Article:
The Regional Cooperation – the determining factor for the success of the transfer of good practices

In the last years, important steps have been taken to stimulate the integration on the labour market of people with disabilities and, nevertheless, in many European countries the employment opportunities of this social category are much lower compared to the rest of the population. For example, in Romania there are about 850,000 people with disabilities, but less than 8% of adults with disability work.

The low number of supported services for young adults with disabilities and the quality of these services are important causes, which maintain a low employment rate among them.The situation is not much different in Lithuania and Portugal(countries where our project partners, Valakupiai Rehabilitation Center (VRC) and Consultis – Consultoria Empresarial, Unipessoal Lda.

What have we done? We have introduced in our countries a good practice model regarding the Supported Employment, which has proven its viability in the United Kingdom. While doing so, we have benefited from the support and experience of the Status Employment team, the LEAD Expert Partner.The model of Supported Employment was created in the USA in the 1970s. It was imported into Europe, initially in the United Kingdom, and then it has successfully expanded in other countries. I chose Supported Employment because this model is based on a win-win strategy: people with disabilities have the chance to get suitable jobs and keep them for the long term, and companies have the opportunity to hire dedicated and valuable workers.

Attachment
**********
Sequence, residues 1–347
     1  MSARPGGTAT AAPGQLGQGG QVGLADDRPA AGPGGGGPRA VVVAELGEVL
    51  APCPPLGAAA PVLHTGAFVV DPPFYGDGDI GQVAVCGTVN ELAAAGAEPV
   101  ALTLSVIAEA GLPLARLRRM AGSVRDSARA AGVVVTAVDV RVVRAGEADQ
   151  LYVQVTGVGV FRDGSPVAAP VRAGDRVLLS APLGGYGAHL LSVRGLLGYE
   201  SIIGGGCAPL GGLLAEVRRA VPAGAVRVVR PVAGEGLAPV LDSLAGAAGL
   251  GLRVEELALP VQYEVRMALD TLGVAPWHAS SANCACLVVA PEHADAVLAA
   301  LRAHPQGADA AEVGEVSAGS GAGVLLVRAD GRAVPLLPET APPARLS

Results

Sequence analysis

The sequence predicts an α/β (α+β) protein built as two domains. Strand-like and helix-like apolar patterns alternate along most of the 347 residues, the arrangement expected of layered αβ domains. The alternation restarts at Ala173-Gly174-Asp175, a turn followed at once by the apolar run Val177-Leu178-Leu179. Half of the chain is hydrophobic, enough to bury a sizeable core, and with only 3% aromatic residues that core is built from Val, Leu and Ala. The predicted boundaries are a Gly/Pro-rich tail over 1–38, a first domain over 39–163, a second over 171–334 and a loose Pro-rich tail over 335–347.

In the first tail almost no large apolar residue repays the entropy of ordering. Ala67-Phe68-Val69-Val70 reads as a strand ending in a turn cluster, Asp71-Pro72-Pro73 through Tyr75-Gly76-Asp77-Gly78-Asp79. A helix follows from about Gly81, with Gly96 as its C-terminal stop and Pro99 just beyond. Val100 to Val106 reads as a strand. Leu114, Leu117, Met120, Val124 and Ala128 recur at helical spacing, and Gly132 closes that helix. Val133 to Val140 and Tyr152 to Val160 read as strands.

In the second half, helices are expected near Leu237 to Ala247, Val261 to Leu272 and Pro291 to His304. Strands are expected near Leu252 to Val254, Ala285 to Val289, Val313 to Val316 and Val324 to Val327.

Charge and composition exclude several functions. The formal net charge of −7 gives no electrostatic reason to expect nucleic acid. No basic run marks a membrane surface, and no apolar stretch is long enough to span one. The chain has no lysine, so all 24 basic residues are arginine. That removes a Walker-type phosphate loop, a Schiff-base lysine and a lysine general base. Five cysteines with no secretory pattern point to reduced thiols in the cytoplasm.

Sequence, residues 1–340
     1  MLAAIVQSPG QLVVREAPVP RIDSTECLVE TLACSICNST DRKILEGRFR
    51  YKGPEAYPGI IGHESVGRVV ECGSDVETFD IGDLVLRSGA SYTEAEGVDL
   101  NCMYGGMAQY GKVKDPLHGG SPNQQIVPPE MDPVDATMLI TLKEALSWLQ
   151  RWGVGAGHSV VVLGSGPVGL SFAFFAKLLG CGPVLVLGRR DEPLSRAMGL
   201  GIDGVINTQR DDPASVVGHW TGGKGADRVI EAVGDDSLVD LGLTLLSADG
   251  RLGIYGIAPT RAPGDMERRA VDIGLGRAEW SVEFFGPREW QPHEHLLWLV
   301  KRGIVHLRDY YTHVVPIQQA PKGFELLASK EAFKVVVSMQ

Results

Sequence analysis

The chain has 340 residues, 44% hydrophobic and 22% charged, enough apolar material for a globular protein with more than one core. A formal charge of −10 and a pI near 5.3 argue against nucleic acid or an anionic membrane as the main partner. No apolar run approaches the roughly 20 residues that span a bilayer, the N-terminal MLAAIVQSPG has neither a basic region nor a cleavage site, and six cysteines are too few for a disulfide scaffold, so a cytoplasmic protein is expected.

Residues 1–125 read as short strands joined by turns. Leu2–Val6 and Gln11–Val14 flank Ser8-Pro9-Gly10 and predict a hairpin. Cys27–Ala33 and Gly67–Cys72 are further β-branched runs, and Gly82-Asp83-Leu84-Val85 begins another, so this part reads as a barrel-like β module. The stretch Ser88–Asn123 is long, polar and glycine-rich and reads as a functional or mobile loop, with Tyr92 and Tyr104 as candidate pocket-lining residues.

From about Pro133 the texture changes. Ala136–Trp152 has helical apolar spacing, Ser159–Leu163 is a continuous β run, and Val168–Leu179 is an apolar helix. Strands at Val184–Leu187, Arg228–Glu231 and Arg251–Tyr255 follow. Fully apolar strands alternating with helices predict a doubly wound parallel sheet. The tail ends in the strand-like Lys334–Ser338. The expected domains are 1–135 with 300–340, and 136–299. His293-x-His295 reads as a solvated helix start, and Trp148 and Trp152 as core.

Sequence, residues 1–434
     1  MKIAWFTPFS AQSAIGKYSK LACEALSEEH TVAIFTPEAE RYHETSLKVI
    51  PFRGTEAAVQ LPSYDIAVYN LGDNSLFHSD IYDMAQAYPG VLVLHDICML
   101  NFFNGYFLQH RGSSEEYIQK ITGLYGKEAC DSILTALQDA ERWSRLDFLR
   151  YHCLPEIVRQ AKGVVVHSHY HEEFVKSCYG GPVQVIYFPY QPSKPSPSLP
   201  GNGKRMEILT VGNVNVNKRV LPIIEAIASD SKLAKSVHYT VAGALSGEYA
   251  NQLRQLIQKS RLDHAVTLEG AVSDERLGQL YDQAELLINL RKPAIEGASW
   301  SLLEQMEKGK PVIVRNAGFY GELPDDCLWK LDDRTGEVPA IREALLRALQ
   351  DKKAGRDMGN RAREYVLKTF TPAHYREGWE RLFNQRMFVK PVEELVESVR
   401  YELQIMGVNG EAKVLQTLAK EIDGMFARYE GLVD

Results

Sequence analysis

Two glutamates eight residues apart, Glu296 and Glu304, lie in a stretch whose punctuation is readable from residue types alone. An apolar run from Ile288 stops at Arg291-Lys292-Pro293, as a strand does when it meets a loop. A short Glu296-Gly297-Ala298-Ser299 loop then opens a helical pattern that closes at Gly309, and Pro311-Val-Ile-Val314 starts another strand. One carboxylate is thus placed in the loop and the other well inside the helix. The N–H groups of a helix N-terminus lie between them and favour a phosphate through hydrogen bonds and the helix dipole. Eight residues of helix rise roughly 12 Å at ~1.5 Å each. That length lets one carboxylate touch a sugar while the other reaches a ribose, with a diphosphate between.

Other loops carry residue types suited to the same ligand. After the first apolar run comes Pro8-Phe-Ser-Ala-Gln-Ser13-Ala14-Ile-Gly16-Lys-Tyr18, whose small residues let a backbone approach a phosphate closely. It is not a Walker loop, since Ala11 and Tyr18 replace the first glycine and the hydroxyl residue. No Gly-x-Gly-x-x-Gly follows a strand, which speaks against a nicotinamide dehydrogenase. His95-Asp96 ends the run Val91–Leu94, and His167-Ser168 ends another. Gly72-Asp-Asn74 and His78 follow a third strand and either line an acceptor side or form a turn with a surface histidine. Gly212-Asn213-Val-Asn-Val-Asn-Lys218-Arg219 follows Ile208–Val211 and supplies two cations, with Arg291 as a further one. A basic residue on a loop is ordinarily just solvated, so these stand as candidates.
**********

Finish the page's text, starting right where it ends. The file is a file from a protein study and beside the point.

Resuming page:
Our Expert Partner provided an action plan (methodology, and quality standards included) to our teams from Romania, Lithuania and Portugal, and our collegues have been complying with it. In addition, HAO, VRC and Consultis teams have gained valuable information while constantly participating in consulting and training sessions offered by Robert Elston, Executive Director of Status Employment, at the headquarters of our organisations or online.

This manner of working has allowed us to initiate our own training activities. Our efforts have been recognised at national and international level. For example, HAO Romania, with the support of Status Employment, has been accepted as an Associate Member of the European Union of Supported Employment (EUSE). The Expert Partner has also worked with Consultis in maintaining connection with the Portuguese Supported Employment Agency (APEA), in order to bring on their skills and further improve the quality of Supported Employment in Portugal. Moreover, Robert Elston has worked with our colleagues from Lithuania in order to spread Supported Employment services.

The integration of young adults with disabilities into the labour market is a complex process in which, alongside the providers of employment services, other stakeholders, including decision makers, have to participate through services and programs tailored to their specifics. That is why in our project, each beneficiary partner established in its country a National Network of Supported Employment service providers (LEADNET).